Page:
August 20, 2021

Northwest New Mexico seeks to become hydrogen hub

BayoTech Chief Technology Officer Wish Krishnamoorthy discusses hydrogen technology with U.S. Department of Energy Secretary Jennifer Granholm on Thursday during a tour of a manufacturing facility in Farmington.

The United States and countries around the world are eyeing hydrogen as a source of clean, dispatchable power, but work is still needed to get to that point, U.S. Department of Energy Secretary Jennifer Granholm told NM Political Report while touring a facility in Farmington that manufactures blue hydrogen reactors.

Farmington-based Process Equipment Servicing Company, better known as PESCO, and Albuquerque-based BayoTech are working together to create the blue hydrogen reactors using technology initially developed by Sandia National Laboratories. BayoTech hopes to deploy the first fleet of compact, mobile hydrogen generators later this year.

Blue hydrogen uses methane derived from natural gas and splits the carbon from the hydrogen. 

U.S. Senator Martin Heinrich, a Democrat from New Mexico, visited the PESCO facility with Granholm on Thursday as part of an energy transition tour following the Senate passage of a bipartisan infrastructure bill that includes funding for hydrogen projects, including at least four regional clean hydrogen hubs. 

Related: Five ways the federal infrastructure bill could benefit New Mexico projects

San Juan County leaders told Granholm that they hope the northwest region of New Mexico will be chosen as the site for one of these hubs.

San Juan County Commission Chairman John Beckstead said the county would like to become not only a hub for the hydrogen industry, but also a center of excellence for hydrogen in the United States. He said the county has the infrastructure in place as well as the ability to transmit electricity and a college that could train the workforce. Beckstead also highlighted current studies looking at sequestering carbon in geological formations near the San Juan Generating Station.

Granholm encouraged the county and industry leaders to submit an application for the demonstration facility, or regional hub, when the time comes and she said it will be a competitive process. The infrastructure bill is now waiting for approval from the U.S. House of Representatives.

San Juan County is particularly interested in the blue hydrogen, which would use natural gas as a source of methane. The carbon would be split off from the hydrogen and sequestered in deep, subsurface, saline aquifers.

Blue hydrogen is touted as a low-emission source of energy, however a study published in the journal Energy Science & Engineering last week raised questions about how clean blue hydrogen actually is. The study, authored by researchers from Cornell and Stanford universities, found that “the greenhouse gas footprint of blue hydrogen is more than 20 percent greater than burning natural gas or coal for heat and some 60 percent greater than burning diesel oil for heat” and the authors concluded “the use of blue hydrogen appears difficult to justify on climate grounds.”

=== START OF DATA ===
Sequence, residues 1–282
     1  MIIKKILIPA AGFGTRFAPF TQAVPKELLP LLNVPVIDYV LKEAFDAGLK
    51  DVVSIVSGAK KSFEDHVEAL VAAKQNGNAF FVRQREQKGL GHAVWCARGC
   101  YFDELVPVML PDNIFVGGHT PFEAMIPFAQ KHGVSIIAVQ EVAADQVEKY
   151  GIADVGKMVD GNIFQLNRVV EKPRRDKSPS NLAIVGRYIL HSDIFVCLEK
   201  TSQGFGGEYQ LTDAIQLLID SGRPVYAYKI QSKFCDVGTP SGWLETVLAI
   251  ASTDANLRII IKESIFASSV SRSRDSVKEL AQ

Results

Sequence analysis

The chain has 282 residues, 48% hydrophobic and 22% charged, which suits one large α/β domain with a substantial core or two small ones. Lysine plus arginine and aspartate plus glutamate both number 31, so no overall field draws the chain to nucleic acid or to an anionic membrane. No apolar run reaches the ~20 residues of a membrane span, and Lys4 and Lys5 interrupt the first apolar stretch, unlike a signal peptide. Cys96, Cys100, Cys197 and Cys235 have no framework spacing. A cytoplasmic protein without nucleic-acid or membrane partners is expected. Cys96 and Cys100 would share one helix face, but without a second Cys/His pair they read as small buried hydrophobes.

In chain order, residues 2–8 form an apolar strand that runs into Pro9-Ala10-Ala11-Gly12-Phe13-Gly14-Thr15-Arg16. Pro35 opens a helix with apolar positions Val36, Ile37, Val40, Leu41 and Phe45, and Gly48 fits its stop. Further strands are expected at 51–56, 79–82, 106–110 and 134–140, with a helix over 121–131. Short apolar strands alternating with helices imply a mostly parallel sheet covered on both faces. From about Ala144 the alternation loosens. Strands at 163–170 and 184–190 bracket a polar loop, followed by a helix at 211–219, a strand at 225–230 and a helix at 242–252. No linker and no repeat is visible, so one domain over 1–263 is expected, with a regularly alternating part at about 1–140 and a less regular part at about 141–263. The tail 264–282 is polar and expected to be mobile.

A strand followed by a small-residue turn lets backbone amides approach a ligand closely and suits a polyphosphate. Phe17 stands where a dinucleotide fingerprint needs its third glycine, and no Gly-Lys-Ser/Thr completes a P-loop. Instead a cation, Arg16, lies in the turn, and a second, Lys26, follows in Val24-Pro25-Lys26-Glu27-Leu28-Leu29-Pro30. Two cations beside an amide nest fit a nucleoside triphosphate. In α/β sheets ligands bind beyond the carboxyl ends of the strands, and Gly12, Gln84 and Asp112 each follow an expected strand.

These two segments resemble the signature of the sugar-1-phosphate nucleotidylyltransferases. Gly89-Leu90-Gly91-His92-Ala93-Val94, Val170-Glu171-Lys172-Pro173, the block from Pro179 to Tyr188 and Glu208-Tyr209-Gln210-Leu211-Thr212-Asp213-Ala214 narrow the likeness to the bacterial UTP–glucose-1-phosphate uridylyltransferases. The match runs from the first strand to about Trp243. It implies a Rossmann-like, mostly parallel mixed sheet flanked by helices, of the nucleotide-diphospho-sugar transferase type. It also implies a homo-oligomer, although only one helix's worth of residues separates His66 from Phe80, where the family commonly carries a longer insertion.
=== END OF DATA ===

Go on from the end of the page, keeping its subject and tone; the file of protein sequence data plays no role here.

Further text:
Secretary Jennifer Granholm said the study referenced the methane emissions associated with natural gas.

“They are absolutely right,” she said. “Natural gas has to clean up its act on methane leakage and we’re working on that too. Our goal is to get clean hydrogen.”

She said that means whatever technology is out there has as low of carbon intensity as possible, preferably zero carbon intensity or even net negative.

“That’s why we launched an energy earthshot on hydrogen,” Granholm said.

The U.S. Department of Energy’s Energy Earthshot Initiative is intended to make clean energy more abundant, reliable and available within a decade by accelerating breakthroughs. The hydrogen earthshot was announced in June.

Granholm said the hydrogen earthshot aims to reduce the cost of hydrogen to one dollar per one kilogram in one decade.

Granholm said the study published last week is right about the emissions associated with blue hydrogen, but she said there are brilliant minds working on how to reduce the carbon intensity.

“If we continue to allow fugitive methane to occur in the production of feed stock, it’s the fugitive methane issue that is driving that carbon intensity,” Heinrich said. “So, one, we fix that, and, two, we move to lower carbon intensity hydrogen sources.”

He said the study “kind of articulates what the path is to fixing that problem.”